Later, my friend, Narbeh Petrosian and I participated in the “Home for a Star” contest organized by Salon magazine. In spite the numerous difficulties, out of the 90 participants, we won third place, and this was quite a serious achievement.
A year after that, we participated in a bigger contest along with 300 participants and won third place again. These successes made us feel self-confident, and we started thinking about creating a studio.
In 2007, we created “Comma” (Storaket) Architectural Studio. We immediately participated in the contest declared for designing the boarding school in Dilijan and won, but for some reason, the works were interrupted a year later. Later, we received an order to design Ayb High School.
In the beginning, the name of the architectural studio was misunderstood and many would ask us why we named the studio “comma”. Our goal was to place a comma, add something new and change the mindset towards many phenomena. One of our main principles is to hold joint discussions, make decisions together and engage in dialogue with the client. We try to “impose” freedom and get rid of patterns.
We were young when we started and many people underestimated us, but today, I am pleased to say that “Comma” is recognized and has its place in the market.
…Designing Ayb High School was one of our major projects. The parents of the children often tell us that their children don’t want to come home from school. This is the best appreciation.
Out of the special projects, I would set aside one of the cottages in Dzoraghbyur. I don’t want to sound pompous, but we have tried to show that a cottage can have a different look. It might be strange for some, but it is a special house that has inspired many.
We always have a special attitude towards projects that we have carried out in Artsakh. We have designed a small chapel and the TUMO Center in Artsakh. There is a special connection between us and particularly the projects carried out in Artsakh.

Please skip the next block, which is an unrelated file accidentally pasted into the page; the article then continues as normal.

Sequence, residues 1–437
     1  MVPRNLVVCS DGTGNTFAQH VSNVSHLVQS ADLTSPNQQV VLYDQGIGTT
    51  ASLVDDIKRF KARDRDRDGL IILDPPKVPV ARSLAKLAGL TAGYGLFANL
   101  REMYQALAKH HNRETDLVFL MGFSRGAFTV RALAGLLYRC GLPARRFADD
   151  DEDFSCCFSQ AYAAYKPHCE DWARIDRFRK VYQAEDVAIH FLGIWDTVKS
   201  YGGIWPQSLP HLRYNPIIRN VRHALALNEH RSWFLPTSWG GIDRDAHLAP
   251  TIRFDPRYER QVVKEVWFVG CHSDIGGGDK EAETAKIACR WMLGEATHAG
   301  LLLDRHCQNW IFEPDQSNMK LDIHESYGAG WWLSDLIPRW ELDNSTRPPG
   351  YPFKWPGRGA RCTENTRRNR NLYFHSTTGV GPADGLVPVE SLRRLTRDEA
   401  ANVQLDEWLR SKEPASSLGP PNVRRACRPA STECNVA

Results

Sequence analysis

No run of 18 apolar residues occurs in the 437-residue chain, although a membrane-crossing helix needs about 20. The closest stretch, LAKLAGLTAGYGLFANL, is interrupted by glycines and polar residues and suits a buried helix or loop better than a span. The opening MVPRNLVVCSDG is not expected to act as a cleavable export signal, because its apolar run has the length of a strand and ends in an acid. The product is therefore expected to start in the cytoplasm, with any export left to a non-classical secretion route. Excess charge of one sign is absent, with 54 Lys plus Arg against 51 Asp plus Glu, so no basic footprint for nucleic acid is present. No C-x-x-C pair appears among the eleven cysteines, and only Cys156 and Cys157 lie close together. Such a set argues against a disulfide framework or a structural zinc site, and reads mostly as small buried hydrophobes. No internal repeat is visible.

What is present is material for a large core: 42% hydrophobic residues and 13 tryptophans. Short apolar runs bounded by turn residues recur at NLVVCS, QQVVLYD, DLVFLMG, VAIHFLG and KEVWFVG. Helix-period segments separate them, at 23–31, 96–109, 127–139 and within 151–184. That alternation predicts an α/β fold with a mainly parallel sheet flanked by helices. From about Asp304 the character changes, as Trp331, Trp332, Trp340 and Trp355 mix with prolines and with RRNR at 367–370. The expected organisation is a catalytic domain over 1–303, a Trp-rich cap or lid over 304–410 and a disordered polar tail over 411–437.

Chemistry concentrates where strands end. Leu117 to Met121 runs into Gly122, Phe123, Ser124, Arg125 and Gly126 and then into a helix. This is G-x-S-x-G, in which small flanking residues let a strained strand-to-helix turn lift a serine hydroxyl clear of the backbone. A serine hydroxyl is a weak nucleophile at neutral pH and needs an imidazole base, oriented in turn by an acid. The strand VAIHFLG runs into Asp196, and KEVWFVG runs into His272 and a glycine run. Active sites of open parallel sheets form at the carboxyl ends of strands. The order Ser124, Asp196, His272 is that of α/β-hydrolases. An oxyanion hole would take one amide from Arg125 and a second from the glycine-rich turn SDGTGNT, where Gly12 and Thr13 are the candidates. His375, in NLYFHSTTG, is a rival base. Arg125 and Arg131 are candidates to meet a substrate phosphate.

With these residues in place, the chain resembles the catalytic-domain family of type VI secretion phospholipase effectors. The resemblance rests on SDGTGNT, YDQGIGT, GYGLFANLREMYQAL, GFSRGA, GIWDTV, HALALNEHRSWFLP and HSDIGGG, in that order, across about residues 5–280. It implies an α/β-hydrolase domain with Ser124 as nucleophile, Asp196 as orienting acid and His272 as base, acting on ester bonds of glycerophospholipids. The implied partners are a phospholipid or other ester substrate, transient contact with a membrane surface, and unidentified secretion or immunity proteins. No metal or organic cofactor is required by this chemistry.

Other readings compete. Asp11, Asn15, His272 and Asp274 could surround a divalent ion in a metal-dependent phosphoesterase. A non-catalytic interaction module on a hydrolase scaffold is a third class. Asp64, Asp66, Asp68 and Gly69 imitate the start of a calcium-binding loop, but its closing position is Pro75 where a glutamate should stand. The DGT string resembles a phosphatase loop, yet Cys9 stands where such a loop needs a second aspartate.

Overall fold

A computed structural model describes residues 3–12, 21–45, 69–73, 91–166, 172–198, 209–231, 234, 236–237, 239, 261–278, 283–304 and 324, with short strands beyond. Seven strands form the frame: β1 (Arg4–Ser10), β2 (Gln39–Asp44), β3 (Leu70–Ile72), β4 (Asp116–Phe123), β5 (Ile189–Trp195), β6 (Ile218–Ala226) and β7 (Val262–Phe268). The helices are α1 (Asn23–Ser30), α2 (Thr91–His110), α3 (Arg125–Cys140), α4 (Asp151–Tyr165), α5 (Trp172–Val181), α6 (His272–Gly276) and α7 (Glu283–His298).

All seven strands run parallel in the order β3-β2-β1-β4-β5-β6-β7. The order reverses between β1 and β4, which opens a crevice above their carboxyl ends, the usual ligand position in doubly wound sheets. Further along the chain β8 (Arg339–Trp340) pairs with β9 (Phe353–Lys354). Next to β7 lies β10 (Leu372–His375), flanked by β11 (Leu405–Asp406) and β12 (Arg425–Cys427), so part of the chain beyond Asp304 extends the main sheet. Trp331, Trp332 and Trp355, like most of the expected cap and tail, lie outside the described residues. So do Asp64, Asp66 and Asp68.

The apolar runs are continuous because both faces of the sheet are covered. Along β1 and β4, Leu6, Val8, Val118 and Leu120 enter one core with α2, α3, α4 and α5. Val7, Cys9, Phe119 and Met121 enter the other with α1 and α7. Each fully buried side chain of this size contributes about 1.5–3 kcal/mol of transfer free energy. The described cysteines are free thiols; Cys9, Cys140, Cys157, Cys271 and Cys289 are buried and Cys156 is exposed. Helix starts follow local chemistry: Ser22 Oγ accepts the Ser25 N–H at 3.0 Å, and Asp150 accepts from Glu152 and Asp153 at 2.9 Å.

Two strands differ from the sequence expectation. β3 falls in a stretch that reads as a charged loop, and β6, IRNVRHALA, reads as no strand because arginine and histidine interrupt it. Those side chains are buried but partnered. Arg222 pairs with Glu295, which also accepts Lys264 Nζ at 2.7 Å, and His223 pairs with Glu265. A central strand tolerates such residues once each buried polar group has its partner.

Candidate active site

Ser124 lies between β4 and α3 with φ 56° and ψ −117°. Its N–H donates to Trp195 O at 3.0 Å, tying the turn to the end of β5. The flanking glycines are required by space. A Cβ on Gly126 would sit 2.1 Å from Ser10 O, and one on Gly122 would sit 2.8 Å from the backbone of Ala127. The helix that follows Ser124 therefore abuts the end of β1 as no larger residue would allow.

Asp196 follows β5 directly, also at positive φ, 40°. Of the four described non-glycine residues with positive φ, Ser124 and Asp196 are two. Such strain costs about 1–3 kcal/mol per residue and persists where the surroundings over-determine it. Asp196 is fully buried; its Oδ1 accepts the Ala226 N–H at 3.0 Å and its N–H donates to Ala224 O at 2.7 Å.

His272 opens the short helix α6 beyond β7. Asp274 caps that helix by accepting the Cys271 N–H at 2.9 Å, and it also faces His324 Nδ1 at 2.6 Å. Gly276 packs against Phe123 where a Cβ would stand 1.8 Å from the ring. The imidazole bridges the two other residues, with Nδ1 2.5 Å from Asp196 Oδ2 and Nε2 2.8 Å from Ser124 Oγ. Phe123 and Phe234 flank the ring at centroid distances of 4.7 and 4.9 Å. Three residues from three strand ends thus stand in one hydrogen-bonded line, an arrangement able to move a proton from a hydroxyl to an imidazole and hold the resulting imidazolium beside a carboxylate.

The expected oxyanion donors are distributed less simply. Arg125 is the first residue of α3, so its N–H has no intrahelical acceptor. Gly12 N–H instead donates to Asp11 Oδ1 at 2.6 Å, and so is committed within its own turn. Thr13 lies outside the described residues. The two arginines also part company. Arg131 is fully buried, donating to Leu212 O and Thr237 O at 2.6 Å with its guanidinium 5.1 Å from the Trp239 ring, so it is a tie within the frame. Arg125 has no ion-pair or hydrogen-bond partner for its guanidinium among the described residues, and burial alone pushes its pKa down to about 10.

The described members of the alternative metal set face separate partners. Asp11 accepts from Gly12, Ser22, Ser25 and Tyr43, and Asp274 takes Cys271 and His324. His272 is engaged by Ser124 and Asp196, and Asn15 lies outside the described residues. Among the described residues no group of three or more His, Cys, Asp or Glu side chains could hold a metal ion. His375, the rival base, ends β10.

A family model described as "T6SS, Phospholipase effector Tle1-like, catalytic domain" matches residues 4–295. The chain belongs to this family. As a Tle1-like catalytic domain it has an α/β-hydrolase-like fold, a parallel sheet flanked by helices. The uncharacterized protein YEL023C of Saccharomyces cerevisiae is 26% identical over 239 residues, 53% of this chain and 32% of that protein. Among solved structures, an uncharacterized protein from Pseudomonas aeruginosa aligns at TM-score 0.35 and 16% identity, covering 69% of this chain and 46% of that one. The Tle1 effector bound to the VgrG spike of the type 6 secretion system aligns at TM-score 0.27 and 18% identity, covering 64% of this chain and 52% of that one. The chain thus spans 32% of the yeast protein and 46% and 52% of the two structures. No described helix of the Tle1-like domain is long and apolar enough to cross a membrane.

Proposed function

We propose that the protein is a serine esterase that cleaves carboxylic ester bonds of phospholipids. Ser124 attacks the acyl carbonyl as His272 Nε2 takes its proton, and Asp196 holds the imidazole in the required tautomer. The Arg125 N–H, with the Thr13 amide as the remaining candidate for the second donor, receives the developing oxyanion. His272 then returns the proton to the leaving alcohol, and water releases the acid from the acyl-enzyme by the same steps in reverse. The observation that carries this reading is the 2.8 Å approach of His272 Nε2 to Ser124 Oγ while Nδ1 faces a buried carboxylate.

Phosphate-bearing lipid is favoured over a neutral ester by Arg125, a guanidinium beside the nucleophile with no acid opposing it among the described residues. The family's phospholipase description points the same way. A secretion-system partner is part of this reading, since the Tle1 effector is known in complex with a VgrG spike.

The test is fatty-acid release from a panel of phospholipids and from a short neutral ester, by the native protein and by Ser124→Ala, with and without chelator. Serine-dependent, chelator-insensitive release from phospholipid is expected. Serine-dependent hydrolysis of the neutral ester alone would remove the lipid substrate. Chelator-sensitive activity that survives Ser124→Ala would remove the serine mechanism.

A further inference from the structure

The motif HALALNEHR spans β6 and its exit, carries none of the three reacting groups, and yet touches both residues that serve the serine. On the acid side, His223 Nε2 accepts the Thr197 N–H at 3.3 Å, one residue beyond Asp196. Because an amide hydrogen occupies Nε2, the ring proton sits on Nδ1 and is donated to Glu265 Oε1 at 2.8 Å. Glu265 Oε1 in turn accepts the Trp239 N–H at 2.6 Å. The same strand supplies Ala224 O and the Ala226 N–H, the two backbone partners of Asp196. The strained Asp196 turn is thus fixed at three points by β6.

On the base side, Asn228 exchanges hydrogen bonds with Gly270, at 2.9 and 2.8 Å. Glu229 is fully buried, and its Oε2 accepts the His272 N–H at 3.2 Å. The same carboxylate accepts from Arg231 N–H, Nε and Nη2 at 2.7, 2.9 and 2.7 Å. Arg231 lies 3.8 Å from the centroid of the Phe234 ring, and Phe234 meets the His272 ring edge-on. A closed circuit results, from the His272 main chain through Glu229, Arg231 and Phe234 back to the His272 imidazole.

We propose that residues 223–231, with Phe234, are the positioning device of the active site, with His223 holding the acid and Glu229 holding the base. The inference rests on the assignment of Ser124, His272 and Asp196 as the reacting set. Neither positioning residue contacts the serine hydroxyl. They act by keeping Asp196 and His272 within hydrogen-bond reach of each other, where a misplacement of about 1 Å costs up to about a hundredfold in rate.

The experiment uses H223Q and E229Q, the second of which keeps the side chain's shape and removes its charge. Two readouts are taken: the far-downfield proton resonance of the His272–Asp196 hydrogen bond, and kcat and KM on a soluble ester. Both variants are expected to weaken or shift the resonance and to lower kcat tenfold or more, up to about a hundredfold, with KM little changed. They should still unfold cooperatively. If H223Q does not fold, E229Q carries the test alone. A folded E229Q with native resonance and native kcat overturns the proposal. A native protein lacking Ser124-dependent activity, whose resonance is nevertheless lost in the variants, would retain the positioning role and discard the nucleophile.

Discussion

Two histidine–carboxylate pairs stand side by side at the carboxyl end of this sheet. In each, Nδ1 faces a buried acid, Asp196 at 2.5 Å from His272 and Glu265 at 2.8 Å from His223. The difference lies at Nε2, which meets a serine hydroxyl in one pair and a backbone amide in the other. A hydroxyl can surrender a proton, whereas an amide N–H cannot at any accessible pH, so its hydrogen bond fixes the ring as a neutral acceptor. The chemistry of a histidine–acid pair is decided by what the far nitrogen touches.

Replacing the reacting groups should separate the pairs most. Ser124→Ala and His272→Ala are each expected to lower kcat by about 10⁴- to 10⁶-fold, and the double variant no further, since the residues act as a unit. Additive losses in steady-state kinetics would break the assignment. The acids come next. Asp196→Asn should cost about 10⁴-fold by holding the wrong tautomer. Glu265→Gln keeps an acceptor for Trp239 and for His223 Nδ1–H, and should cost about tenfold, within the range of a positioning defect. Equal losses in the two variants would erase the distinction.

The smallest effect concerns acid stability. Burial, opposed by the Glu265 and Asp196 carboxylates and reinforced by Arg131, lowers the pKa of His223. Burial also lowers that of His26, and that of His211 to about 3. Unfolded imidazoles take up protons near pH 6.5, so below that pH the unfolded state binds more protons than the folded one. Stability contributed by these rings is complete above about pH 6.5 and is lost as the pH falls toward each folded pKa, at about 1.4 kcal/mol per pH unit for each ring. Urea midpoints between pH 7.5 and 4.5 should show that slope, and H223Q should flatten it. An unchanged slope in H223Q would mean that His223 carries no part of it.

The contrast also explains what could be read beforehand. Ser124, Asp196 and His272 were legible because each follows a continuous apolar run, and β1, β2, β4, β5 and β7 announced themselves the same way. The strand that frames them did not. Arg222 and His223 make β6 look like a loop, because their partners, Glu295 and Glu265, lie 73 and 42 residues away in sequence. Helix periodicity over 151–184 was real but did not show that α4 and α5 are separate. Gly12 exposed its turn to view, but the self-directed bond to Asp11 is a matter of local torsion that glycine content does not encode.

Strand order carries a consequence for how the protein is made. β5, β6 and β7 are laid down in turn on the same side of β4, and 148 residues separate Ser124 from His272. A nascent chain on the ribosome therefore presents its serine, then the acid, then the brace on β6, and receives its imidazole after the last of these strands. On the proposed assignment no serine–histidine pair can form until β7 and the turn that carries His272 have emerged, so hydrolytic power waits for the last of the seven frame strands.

Our greatest achievement is our studio, which I consider my home. After overcoming numerous difficulties over the past ten years, today we have 17 jobs.
…To be honest, I have never attached importance to awards. Constructing a building is like raising a child, and it gives you spiritual satisfaction…When the building is exploited, that is already an appreciation of the work.
…During the 2016 Youth Awards, I experienced interesting feelings. I was competing in the Young Repatriate with Ara Kedekian from Iraq and Antranig Safar from Syria. I would have been very happy, if they had won.
The winners had to be determined through an online vote, but due to technical difficulties, the voting was conducted by a show of hands. I wasn’t expecting to see so many people recognize and appreciate me. This is also binding. In general, being Armenian and being in Armenia is binding. It was a beautiful event held in a positive atmosphere. I hope it is ongoing.
This small piece of land is fully mine…I feel it with my whole soul…
Before leaving for the USA, I had seen Arpine a couple of times and had a crush on her, but I had never talked to her about it. When I returned, singer Arthur Ispiryan introduced me to my future wife.
We have two sons, Areg and Mher, and we are proud of them. As a repatriate, my last name is written with the “ian” at the end, but my sons’ last names are written with “yan”. They are full-fledged citizens of Armenia and will never have to be forced to be in two realities.
…I was born in Iran and have warm feelings about that country, but I have always realized that it is not mine. This small piece of land where I live is fully mine…I feel it with my whole soul.